CHAPEL HILL, N.C. — Women who have had false-positive results on mammograms may face a greater risk of future breast cancer, according to a new study led by a UNC-Chapel Hill researcher.
The findings were published last week in Cancer Epidemiology, Biomarkers & Prevention, which is a journal of the American Association of Cancer Research.
The study analyzed 2.2 million mammograms from 1.3 million U.S. women who ranged in age from 40 to 74.
It found that women with a false-positive result who were referred for further imaging had a 39 percent greater chance of developing breast cancer within 10 years, compared with women who had a true negative mammogram. For women who were told to get biopsies after false-positive readings, the increased risk was 76 percent during the subsequent 10-year period.
In the United States, 67 percent of women over 40 undergo screening mammography every year or two. If a radiologist spots suspicious tissue, a patient will be referred for further imaging or a biopsy, depending on the level of concern.
False-positive readings on mammograms are fairly common, said the study’s lead researcher, Louise Henderson, assistant professor of radiology at the UNC School of Medicine and researcher at the UNC Lineberger Comprehensive Cancer Center.
Ten percent to 16 percent of mammograms generate a false-positive result. If screened every year or two, about half of women can expect a false-positive result across 10 mammograms, Henderson said.
“For women, we recognize that any increase in risk is worrisome for them, but we don’t want women to be overtly concerned, because the absolute risk is actually fairly small,” Henderson said.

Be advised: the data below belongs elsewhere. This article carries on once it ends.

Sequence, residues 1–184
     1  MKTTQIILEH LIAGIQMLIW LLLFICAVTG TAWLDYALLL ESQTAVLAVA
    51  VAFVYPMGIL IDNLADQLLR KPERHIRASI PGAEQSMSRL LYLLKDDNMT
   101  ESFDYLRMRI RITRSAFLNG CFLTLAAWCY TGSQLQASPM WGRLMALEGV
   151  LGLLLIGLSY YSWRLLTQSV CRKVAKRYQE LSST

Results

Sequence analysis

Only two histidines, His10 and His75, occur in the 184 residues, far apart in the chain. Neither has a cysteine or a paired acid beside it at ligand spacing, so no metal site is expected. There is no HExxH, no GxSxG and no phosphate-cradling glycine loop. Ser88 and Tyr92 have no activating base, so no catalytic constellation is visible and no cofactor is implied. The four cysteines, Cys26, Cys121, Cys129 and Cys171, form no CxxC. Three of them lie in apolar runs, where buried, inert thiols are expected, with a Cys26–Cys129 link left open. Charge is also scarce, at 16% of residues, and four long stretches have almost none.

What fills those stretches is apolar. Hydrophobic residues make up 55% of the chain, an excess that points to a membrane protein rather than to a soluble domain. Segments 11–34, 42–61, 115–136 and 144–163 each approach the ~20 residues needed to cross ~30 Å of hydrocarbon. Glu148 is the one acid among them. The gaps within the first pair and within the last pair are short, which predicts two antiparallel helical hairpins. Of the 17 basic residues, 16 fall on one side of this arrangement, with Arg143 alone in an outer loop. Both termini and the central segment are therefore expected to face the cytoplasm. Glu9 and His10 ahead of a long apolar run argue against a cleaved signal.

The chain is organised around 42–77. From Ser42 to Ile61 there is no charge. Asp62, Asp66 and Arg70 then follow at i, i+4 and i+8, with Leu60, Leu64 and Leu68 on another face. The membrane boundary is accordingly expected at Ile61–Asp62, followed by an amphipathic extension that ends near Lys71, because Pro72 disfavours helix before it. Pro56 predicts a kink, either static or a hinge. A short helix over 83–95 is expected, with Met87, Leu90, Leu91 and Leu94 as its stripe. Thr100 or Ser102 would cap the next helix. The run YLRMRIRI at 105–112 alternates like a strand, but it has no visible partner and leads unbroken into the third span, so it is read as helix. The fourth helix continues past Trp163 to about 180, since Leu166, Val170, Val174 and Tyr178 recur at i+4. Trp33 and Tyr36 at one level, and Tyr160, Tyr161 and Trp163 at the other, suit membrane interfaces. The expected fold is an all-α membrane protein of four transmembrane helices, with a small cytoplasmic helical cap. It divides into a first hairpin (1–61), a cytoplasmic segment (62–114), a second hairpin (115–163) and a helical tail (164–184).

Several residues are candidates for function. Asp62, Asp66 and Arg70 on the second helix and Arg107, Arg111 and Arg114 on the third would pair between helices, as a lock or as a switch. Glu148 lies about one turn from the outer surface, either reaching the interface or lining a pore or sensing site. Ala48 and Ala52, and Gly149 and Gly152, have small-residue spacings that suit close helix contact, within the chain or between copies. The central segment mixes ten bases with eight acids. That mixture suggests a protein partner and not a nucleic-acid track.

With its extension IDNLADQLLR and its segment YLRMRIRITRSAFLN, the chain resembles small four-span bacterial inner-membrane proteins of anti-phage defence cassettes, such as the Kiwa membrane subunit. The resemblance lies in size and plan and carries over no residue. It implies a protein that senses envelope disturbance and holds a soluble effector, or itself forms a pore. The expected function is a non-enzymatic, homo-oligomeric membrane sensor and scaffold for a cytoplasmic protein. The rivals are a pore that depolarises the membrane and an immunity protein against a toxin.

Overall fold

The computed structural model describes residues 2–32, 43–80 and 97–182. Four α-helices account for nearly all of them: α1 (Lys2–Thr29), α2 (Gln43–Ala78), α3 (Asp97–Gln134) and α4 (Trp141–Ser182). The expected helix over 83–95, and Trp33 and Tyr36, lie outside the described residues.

She said women should talk to their physicians if they have a false-positive result and also consider other risk factors they may have.
There are many risk factors for breast cancer, and some, such as genetic mutations, are strong predictors. Other risks include a woman’s age and the density of her breasts.
While women with more dense breasts face a higher risk of breast cancer in general, density did not affect the relationship between false-positive mammograms and subsequent cancer diagnoses for most women. Breast density can affect the readability of mammograms.
Henderson said the study’s findings suggest that radiologists who read mammograms may notice abnormalities that, while not cancerous, may be markers for future cancer. The study did not include an analysis of the locations of tumors compared to initial problems spotted on mammograms.
Henderson and her colleagues analyzed data from the Breast Cancer Surveillance Consortium from 1994 to 2009. The data came from seven registries in the United States, including the Carolina Mammography Registry, which draws information from mammography centers across North Carolina.
The researchers tracked women in the study for 10 years. During the period, 48,735 women were diagnosed with breast cancer.
Understanding the data around mammograms may in the future help scientists design optimal prevention and screening techniques for individuals.
“Our ultimate goal is to hopefully take information like this and use it in things like risk-prediction models to help women get a sense of, ‘What does it really mean for me?’ ” Henderson said.
The study was funded by the National Cancer Institute. Other researchers participating were from the University of Pennsylvania, the University of Vermont, the Group Health Research Institute in Seattle and the University of California, San Francisco.
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